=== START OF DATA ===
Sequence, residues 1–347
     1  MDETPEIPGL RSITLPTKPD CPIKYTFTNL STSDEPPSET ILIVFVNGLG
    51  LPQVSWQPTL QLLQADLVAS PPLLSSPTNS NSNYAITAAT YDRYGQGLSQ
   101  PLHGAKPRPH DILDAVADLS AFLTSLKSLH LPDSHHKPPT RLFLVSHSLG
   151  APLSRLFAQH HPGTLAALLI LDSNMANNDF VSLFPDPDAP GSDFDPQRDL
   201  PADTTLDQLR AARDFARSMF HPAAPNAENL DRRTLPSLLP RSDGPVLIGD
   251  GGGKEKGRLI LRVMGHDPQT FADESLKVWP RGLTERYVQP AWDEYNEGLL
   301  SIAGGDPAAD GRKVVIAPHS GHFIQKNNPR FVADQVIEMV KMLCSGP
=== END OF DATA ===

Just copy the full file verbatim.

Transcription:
Sequence, residues 1–347
     1  MDETPEIPGL RSITLPTKPD CPIKYTFTNL STSDEPPSET ILIVFVNGLG
    51  LPQVSWQPTL QLLQADLVAS PPLLSSPTNS NSNYAITAAT YDRYGQGLSQ
   101  PLHGAKPRPH DILDAVADLS AFLTSLKSLH LPDSHHKPPT RLFLVSHSLG
   151  APLSRLFAQH HPGTLAALLI LDSNMANNDF VSLFPDPDAP GSDFDPQRDL
   201  PADTTLDQLR AARDFARSMF HPAAPNAENL DRRTLPSLLP RSDGPVLIGD
   251  GGGKEKGRLI LRVMGHDPQT FADESLKVWP RGLTERYVQP AWDEYNEGLL
   301  SIAGGDPAAD GRKVVIAPHS GHFIQKNNPR FVADQVIEMV KMLCSGP